Structural biology of autophagy
Cells continuously synthesize proteins, reconstruct their organelles and cellular components, renew them and take up substances from outside. A cellular mechanism that counteracts and controls this on-going growth of organic matter is autophagy. This particular mechanism degrades everything that is no longer needed – and this includes pathogens as well. In this regard autophagy plays a central role in our immune response and the defence against infectious diseases. Here you can find out how our scientists are researching autophagy in order to fight against pathogens and infectious diseases.
Dr Andrea Scrima
“Once we are able to understand the structure of central elements within autophagy and the camouflage-mechanisms of pathogens, we can identify new antibacterial substances that can inhibit this “camouflage"."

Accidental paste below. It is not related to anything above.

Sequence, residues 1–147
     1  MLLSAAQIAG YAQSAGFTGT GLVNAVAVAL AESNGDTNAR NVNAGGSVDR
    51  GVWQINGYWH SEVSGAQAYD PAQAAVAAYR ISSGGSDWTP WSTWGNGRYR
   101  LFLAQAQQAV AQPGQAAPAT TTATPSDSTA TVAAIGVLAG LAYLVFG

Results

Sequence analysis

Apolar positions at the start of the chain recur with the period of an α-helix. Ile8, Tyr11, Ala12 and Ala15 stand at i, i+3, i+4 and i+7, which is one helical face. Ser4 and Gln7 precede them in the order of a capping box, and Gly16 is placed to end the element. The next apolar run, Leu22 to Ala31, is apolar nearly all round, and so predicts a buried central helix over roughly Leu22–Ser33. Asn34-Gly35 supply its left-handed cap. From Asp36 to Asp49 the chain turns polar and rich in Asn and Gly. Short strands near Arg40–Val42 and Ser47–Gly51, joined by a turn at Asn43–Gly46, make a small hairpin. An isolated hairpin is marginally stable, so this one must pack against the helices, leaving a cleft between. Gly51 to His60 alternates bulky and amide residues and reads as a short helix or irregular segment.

Andrea Scrima studied in Bochum and focused early on during his diploma thesis on structural biology. During his doctoral research at the Max-Planck-Institute of Molecular Physiology in Dortmund he worked on the structural and biochemical characterization of two proteins that are involved in transfer RNA modification. He subsequently moved to the Friedrich Miescher Institute for Biomedical Research in Basel, Switzerland, where he investigated protein structures connected with detection and repair of DNA lesions from 2007 to 2011. He then joined the Helmholtz-Center for Infection Research as a Young Investigators Group Leader in the department Molecular Structural Biology currently researching the mechanism of autophagy in the context of infectious diseases.
Dr Andrea Scrima
Head of Junior Research Group Structural Biology of Autophagy
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